Frustration and Minimum Standards
Typically, employment standards legislation requires employers to provide employees with notice of termination or pay in lieu of notice upon the termination of the employment contract. However, s. 65 of the Employment Standards Act (BC), establishes statutory exemptions to the usual rights of employees to receive written notice or pay in lieu of notice. In particular, s. 65 applies to an employment contract that is impossible to perform due to an unforeseeable event or circumstances, thereby codifying the doctrine of frustration.
Does COVID-19 Constitute Frustration?
Most often frustration arises in the termination of an employee following an illness or an injury that prevents the employee from working. However, the COVID-19 global pandemic introduces an interesting legal question, is COVID-19 an Act of God or unforeseeable event which may frustrate an employment contract?
While we are unsure of the length with which the COVID-19 pandemic will last, we know that there are many businesses temporarily closing down as a result of the downturn in economic activity, thereby making many employment contracts unnecessary and perhaps even frustrated.
Whether COVID-19 constitutes an Act of God, and is sufficient to constitute frustration, is still unknown, but our view is that the Employment Standards Branch is unlikely to find frustration in all but the clearest of cases. The courts may be slightly more open to the argument, but strong evidence will be required. Organizations considering adjusting their workforce or terminating employment contracts should contact a legal professional to consider their specific circumstances.
6. Employment Insurance (“EI”) Sickness Benefits
The Canadian Government announced changes to Canada’s sickness benefits under employment insurance in order to respond to growing concerns over the COVID-19 pandemic.
What are EI Sickness Benefits?
Eligible workers with no or limited paid-leave benefits thorough their employers can apply for up to 15 weeks of employment insurance if they cannot work for medical reasons, including being quarantined as a result of COVID-19.
The sickness benefits currently allow a party to receive 55% of their earnings up to a maximum of $573 per week.
Government Changes in Response to COVID-19
Under normal circumstances, an employee seeking sickness benefits is required to wait a period of one week before receiving their sick-benefits. In the case of a 14 day COVID-19 quarantine, this would result in the employee receiving only one week of payment during the 14 days of quarantine. However, in recognition of the pandemic and the growing number of employees forced to self-quarantine, the Government of Canada eliminated the waiting period entirely so that an employee may receive EI sickness benefits for the entire quarantine period. The last time the Government introduced this measure was during the 2003 SARS epidemic.
Qualification for EI Sickness Benefits
Employed individuals who pay EI premiums, and self-employed people who are registered to participate in the EI program, may qualify for EI sickness benefits if they satisfy the following factors:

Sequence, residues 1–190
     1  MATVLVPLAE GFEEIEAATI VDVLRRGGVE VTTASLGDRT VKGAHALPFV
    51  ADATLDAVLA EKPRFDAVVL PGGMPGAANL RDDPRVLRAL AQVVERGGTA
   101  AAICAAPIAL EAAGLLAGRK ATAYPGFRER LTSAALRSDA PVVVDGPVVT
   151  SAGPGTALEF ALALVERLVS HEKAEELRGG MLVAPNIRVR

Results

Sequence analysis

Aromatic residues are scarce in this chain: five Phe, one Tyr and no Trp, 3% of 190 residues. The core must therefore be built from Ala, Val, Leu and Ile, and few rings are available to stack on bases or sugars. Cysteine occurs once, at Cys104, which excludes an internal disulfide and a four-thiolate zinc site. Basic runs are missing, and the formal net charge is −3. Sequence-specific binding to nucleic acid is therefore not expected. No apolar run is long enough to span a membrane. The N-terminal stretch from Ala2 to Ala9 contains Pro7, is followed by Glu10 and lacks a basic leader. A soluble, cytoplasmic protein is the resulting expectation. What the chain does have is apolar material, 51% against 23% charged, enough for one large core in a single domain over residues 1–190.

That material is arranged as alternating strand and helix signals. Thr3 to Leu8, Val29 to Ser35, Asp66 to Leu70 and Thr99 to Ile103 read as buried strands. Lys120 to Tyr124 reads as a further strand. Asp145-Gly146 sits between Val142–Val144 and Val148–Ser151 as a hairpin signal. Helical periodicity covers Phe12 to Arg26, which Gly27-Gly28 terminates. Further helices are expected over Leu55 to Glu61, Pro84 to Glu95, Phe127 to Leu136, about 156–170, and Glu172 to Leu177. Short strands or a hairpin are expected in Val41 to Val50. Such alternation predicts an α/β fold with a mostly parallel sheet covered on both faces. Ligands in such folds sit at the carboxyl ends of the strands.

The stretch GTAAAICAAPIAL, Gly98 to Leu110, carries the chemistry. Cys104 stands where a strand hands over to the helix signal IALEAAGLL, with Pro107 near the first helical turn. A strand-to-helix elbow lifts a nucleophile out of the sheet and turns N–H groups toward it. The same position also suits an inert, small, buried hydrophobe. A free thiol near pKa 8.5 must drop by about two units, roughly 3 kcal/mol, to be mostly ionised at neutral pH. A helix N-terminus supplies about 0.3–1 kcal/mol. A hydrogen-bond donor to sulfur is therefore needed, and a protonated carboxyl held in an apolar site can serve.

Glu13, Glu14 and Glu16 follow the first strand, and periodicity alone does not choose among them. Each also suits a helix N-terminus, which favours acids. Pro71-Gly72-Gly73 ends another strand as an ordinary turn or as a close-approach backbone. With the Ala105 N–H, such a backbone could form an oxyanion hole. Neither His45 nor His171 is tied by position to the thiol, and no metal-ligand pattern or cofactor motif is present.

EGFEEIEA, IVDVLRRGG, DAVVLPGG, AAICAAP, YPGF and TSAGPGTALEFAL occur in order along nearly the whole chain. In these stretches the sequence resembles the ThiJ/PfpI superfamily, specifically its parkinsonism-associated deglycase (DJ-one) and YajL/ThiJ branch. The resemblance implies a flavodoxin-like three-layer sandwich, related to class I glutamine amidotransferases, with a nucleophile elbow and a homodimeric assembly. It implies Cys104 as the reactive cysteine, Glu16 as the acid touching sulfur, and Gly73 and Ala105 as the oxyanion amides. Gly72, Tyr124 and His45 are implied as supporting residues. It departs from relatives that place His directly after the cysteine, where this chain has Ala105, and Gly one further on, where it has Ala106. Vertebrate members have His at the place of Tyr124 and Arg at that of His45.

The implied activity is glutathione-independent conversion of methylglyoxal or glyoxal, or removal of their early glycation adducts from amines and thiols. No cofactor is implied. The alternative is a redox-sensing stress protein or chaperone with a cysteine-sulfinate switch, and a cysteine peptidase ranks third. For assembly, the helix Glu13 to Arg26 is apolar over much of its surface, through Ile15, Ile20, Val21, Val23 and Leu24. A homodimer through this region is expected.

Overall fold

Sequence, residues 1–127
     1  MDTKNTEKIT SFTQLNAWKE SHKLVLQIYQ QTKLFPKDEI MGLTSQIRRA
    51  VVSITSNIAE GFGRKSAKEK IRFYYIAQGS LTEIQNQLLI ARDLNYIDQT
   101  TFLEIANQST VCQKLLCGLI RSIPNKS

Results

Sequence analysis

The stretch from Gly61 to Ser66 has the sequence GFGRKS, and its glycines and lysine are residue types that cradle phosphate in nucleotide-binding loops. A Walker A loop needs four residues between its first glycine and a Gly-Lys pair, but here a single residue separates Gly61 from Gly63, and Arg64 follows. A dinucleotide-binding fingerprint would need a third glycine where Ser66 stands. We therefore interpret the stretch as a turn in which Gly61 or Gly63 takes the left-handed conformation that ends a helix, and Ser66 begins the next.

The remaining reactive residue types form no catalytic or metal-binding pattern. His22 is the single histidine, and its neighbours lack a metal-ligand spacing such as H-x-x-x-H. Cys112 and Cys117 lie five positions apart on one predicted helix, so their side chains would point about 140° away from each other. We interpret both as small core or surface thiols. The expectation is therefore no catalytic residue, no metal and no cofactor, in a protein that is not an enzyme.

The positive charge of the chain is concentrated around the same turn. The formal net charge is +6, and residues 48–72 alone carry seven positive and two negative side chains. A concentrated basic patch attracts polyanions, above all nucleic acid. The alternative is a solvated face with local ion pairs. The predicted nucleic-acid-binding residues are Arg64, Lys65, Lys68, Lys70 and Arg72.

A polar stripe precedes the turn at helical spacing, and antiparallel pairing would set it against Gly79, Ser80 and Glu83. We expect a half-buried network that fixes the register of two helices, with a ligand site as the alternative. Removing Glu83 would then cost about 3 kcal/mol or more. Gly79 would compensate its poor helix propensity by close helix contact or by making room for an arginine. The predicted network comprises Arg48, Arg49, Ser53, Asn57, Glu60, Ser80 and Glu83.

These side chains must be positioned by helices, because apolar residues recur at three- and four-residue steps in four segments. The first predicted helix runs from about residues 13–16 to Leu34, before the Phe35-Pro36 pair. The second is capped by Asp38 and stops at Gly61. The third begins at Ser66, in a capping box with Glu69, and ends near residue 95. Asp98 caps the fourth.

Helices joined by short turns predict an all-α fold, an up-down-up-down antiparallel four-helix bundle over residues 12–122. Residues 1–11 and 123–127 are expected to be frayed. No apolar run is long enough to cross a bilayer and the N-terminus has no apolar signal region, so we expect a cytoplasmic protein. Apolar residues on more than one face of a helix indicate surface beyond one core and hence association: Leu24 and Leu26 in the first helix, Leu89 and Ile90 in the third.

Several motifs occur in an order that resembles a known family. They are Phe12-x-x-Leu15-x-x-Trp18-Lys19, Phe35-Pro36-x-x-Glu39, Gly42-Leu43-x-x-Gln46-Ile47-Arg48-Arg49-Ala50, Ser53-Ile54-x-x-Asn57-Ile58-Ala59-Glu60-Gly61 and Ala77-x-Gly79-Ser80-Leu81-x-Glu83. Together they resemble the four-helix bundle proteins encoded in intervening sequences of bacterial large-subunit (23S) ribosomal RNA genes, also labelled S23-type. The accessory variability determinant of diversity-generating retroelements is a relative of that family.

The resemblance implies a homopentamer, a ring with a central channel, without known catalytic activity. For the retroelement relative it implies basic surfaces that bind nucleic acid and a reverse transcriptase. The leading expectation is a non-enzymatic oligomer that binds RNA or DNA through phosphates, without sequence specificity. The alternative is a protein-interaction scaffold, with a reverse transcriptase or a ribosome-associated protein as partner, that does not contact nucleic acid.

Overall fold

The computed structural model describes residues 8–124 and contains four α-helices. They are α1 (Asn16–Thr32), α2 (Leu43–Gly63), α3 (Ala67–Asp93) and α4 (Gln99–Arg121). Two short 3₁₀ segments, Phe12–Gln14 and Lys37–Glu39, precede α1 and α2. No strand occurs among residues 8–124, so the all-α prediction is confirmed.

(a) They cannot work because of a medical condition;
(b) They have lost at least 40% of their weekly pay; and
(c) They worked a minimum of 600 hours in the year before the claim or since their last EI claim.
Currently, the Government of Canada is waiving the requirement for patients to obtain a doctor’s note to apply for EI sickness benefits if they are required by law or by a public health official to quarantine for 14 days. Additionally. individuals who are asked to quarantine by their employer upon the advice of public health officials can also qualify for the EI sickness benefits.
If an individual’s quarantine is extended as a result of testing positive for COVID-19, the individual will be required to obtain a signed medical certificate confirming the diagnosis in order to continue receiving the EI sickness benefits beyond the initial 14 day period.
7. Work Sharing Agreements (“WS Agreements”)
Work-sharing is a federal government program designed to help employers and employees avoid layoffs where there is a temporary reduction in the normal level of business activity that is beyond the control of the employer. In the program, employment insurance benefits are provided as income support for employees who work a temporarily reduced work week throughout a business downturn. Affected employees must agree to work a reduced schedule and share available work over a specific period of time.
The maximum duration of a work-sharing period is normally 38 weeks. However, the Government of Canada introduced temporary special measures which extend the duration of the WS Agreements from 38 weeks to 76 weeks (upon application by the employer) for organizations affected by the downturn of business due to COVID-19. The temporary measures also ease the recovery plan requirements for the WS Agreements and allow employers with a recently expired WS Agreement to immediately apply for a new agreement without waiting between applications.
Application for WS Agreements
In order to apply for a WS Agreement, the employer and the employees (and the union, if applicable) must agree to participate in a WS Agreement and must apply together. It is important to note that an application must be submitted a minimum of 30 days prior to the requested start date.
More detailed information about the work-sharing program for those impacted by COVID-19 can be found here.
8. Records of Employment
If an employee is placed on temporary layoff, terminated, or starting a WS Agreement, then the employer must provide a Record of Employment (ROE). The Government of Canada provides step by step instructions to assist employers in completing an ROE.